Which Food Tastes More Delicious Baked on a BURNT Baking Sheet??
I’m a rule breaker in the kitchen. To my detriment. I would do 5 loads and scrub both bathrooms before I’d want to hand wash a sink full of dishes. Therefore, I pretty much always put all my pans and baking sheets in the dishwasher!!!! I know so many of you would bop me on top of the head right now if you could! I know, I know, I’m the worst! They do seem to be holding up quite well, it seems. Ha!
But I do know that isn’t the best way to take care of them and make them last. I was reading about it because I got some new baking sheets this year before baking season hit and I knew I wanted to take the best care possible of my shiny new sheets so I learned a lot. And was a little humbled, I’m not gonna lie.
Here are some great tips to keeping your pans nice and shiny and last longer.
1. Cool before cleaning.
Even though it’s much easier to just pop a hot pan into the sink and throw some water on it, a hot sheet that hasn't had time to cool will pop or warp under immediate contact with water depending on the construction of the sheet. You had to wait for the oven to do its thing; you can handle a few more minutes for the sheet to cool down.
2. Stick to hand-washing.
For longest-lasting pans, you gotta give 'em a little TLC. Harsh dishwasher detergents can mar and discolor nonstick or natural finishes. In most cases, some mild dish soap, warm water, and maybe a light pass with a no-scratch scrubbie will do the trick, no matter what type of pan it is (nonstick-coated, aluminum, or aluminized steel). If stuff is a bit more stuck, soak the pan for a bit in a warm bath and try again.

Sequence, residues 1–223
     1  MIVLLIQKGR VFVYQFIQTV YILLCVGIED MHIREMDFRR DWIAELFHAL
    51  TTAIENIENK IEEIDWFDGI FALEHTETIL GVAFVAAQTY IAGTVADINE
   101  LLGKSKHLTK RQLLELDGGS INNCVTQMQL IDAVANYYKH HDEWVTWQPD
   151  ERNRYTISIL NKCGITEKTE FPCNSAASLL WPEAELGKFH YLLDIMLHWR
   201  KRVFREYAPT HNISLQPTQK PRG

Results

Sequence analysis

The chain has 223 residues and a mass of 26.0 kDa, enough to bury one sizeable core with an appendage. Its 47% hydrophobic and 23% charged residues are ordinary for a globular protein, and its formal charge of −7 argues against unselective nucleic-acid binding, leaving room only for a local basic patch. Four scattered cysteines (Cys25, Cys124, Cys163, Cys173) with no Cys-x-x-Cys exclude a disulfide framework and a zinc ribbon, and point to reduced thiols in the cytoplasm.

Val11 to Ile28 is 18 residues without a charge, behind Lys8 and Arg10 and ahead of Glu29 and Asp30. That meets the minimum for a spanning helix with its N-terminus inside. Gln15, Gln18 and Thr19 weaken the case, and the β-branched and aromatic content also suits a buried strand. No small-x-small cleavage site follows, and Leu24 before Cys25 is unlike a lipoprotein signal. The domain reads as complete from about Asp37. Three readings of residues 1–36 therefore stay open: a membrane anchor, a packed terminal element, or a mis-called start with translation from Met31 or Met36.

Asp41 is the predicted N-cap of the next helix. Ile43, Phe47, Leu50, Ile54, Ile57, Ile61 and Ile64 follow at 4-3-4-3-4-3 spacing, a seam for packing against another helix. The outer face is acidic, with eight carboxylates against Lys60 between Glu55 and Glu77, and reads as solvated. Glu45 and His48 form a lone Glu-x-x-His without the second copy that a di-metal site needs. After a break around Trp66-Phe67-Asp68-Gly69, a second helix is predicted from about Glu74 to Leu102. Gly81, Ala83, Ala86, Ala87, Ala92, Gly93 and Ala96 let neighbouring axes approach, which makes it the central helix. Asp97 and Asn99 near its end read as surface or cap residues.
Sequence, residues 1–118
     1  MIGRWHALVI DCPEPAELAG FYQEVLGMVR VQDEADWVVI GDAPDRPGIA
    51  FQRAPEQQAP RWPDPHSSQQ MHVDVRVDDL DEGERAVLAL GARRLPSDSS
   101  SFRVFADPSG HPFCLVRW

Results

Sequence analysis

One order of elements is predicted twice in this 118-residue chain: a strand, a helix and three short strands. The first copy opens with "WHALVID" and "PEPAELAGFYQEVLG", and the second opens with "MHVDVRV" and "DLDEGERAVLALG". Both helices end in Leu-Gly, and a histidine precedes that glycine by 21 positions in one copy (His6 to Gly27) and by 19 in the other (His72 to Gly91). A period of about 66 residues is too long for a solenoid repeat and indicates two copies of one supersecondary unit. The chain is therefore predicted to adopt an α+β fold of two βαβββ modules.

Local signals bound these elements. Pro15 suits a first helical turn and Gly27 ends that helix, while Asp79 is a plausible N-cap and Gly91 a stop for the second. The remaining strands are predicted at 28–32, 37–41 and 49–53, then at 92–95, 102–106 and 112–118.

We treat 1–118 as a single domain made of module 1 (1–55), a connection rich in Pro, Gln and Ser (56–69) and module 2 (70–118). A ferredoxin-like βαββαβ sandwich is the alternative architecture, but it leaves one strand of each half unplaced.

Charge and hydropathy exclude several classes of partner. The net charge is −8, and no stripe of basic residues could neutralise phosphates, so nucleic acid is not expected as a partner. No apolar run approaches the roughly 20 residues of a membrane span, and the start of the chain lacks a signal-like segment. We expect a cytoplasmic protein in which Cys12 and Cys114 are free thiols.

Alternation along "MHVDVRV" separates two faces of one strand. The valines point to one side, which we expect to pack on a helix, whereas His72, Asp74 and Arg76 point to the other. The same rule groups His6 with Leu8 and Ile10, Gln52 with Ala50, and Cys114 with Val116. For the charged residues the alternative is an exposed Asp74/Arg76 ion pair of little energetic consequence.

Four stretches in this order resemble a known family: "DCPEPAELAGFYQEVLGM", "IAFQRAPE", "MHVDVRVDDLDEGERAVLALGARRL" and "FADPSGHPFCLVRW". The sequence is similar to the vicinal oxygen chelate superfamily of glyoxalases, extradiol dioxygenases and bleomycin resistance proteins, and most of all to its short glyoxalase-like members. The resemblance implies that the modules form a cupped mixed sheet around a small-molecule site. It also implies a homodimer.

3. Scrape with a spatula.
Got a real mess on your hands — melted sugar, burnt-on chocolate, gummy cheese — that's too much for the scrubbie to take? While you might be tempted to reach for a knife (or an ice pick?) and hack away at the crustiness, you run the risk of scratching a nonstick coating or just denting the pan. Your best tool is the plastic spatula you used to scoop off your food; it does great double duty as a scraper. Again, a good, long soaking and some soap will help loosen things up.
Sometimes greasing isn't enough, but parchment is.
Sometimes a pre-greasing isn't enough. Foil can prevent stains when cooking with high heat or when you're cooking tomatoes, curry, and other colorful foods. Using parchment paper when it makes sense is a good idea, too, as it keeps foods from sticking and this in turn leads to less scrubbing.
Now, what if you accidentally broiled something a little too long and your pan now looks like this??
Even if you’ve tried all your tried and true concoctions to scrub away tough stains and nothing seems to be working, don’t throw it out! There are a couple different ways you can keep using her!
For one thing, you can use it to make better roasted vegetables. That's because a blackened baking sheet helps achieve the quick, deep browning that you want for roasted vegetables (even if it's not so great for cookies).
These battered baking sheets are also great for other cooking tasks, especially messy ones. Let this be your designated half-sheet pan for the times when you know things are going to get a bit ugly and you have a casserole or something that might spill over. You could also use it as your tray when you’re carrying burgers and brats to and from the grill.
One reader talked about what she does with her beloved black pan.
“I also have an OLD sheet pan I call Black Beauty that I put under any dish that might threaten to boil over. Scalloped potatoes, looking at you. It's far from rusty, more like seasoned carbon steel. I scrub it with soap and a green 3M. Every person who tries to "help me clean up" tries to throw it away. Heck no, not my Black Beauty!”
So now I’m curious. Are you great about hand-washing all your dishes and knives that should be hand-washed or do you throw them in the dishwasher and hope for the best like me? :) I’d love to know in the comments below :)
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